A year ago tonight, the Mets hosted the San Diego Padres in a must-win wild card game where Jacob de Grom summoned enough talent and grit to tough out a victory that proved to be his last in a Mets uniform. The Mets are nowhere to be found on the field as this year’s Elite Eight starts off today, but, boy, are they in the news. In spades.
Three days after the David Stearns era was ushered in, with Buck Showalter being shown the door, his projected partner in analytical crime Billy Eppler “resigned”, and as SNY’s Alex Smith reported, one of the biggest–and I mean literally biggest–reasons many cited by hardcore fans as a reason for Showalter’s fall from grace, Daniel Vogelbach was cited, with Eppler revealed to the reason why Buck was so stuck:
Vogelbach slashed .233/.339/.404, and while his on-base clip was above the league average of .320, he failed to hit for much power, ending the season with 13 home runs in 319 plate appearances.
But even when Vogelbach was struggling, he still seemed to be a mainstay in the lineup, appearing as the team’s DH in 78 games, by far the most of any player on the roster (Mark Vientos is next up at 34 games).
Now there appears to be more clarity on exactly why this was the case.
According to Mike Puma of the New York Post, now-former manager Buck Showalter “met resistance” from now-former general manager Billy Eppler when wanting to use different DH options against right-handed pitching.
Showalter “was told he had to play Vogebach,” a source told Puma.
We’ve also previously written about Vogelbach’s close ties to Pete Alonso, so perhaps there was a bit more in Eppler’s mind than mere numbers. But whatever it was, it was minor compared to what else had apparently been going on. As THE NEW YORK TIMES’ Michael S. Schmidt and Ken Belson reported yesterday, other examples of Eppler’s manipulation skill sets caught someone’s attention:
Major League Baseball…is investigating whether the Mets’ front office cheated by putting healthy players on the injured list. The investigation into the Mets began when an anonymous whistle-blower sent the commissioner’s office a letter that said the team’s general manager, Billy Eppler, had put at least one player on the injured list this year even though the player was not injured.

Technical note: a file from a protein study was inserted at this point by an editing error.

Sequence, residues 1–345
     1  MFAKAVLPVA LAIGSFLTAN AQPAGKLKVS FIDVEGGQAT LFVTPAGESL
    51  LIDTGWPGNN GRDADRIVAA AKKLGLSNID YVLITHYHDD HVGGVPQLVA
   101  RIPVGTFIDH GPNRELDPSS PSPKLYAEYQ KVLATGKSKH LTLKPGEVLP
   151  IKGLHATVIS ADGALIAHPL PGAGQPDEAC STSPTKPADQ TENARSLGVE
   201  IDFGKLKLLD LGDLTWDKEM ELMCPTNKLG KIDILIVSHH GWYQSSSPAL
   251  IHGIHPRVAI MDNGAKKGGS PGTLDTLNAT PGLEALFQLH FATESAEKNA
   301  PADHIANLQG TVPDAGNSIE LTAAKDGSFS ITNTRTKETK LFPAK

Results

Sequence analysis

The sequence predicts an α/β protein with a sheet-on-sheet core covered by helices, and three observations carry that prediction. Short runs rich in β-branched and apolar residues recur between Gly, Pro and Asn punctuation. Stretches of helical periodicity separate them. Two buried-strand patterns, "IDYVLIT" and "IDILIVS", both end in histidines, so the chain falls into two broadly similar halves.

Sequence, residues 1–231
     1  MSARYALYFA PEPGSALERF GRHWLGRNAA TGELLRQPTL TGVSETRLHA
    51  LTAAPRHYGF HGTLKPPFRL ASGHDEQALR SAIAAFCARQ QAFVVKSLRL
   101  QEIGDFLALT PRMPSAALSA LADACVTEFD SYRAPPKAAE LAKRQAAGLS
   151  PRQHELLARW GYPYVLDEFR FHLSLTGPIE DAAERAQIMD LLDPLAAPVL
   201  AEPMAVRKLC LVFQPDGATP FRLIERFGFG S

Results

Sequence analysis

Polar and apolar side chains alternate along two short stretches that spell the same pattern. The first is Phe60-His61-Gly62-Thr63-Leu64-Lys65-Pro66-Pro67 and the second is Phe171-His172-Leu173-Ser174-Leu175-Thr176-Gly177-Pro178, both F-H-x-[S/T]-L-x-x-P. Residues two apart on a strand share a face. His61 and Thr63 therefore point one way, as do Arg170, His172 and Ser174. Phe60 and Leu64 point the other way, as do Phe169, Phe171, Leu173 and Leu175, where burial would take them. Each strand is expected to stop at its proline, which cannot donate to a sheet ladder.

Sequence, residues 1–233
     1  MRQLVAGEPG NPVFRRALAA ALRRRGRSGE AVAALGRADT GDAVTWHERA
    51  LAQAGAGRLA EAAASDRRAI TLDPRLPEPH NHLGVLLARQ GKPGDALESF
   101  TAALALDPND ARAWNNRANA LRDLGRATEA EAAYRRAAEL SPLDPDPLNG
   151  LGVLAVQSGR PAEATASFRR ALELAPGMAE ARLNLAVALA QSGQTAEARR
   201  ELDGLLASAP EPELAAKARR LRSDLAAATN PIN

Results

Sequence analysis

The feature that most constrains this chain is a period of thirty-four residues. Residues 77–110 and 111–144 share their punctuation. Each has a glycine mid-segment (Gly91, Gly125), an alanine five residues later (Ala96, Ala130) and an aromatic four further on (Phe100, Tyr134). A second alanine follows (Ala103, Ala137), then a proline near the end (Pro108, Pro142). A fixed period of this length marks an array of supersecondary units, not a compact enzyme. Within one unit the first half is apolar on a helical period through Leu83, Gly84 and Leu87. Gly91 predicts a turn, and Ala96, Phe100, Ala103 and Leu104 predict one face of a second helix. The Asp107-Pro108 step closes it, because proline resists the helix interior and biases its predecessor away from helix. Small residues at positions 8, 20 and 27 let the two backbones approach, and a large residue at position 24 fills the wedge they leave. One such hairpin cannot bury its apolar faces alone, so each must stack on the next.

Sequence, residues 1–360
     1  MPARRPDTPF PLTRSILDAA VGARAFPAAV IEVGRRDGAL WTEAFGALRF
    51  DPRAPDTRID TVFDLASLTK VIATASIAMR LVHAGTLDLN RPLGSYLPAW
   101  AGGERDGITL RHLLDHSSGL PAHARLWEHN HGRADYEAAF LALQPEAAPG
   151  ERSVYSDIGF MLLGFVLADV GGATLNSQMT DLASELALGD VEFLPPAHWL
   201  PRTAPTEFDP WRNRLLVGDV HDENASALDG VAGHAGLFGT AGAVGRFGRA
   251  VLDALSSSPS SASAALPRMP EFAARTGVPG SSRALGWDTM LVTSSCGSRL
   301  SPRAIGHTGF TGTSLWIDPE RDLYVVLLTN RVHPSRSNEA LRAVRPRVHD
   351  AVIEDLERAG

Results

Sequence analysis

The commissioner’s office does not know who sent the letter. Among the possibilities is one of the Mets’ trainers, according to one of the people familiar with the matter. At least one of the trainers is said to have acknowledged to others this season that he was concerned that the team was breaking the rules because a player who was healthy was put on the injured list, according to the person.
Were this the extent of the alleged implications, Eppler being run out of Flushing on a rail might have been enough to satisfy even the most red meat-rabid Mets fans facing a long title-less winter for the 37th consecutive year. But as Schmidt and Belson continued, there’s an even bigger target that’s apparently in trouble, too:
Major League Baseball…will examine whether the team’s owner, Steven A. Cohen, knew or should have known if his team was breaking the rules, according to two people familiar with the matter.
The investigation — which will look at a range of individuals, from trainers to baseball operations personnel — will put the conduct of Mr. Cohen’s team under scrutiny three years after he bought the Mets for about $2.3 billion. Four years earlier, he walked away largely unscathed from a Securities and Exchange Commission investigation in which he was accused of failing to properly monitor an employee of his hedge fund who went to prison for insider trading.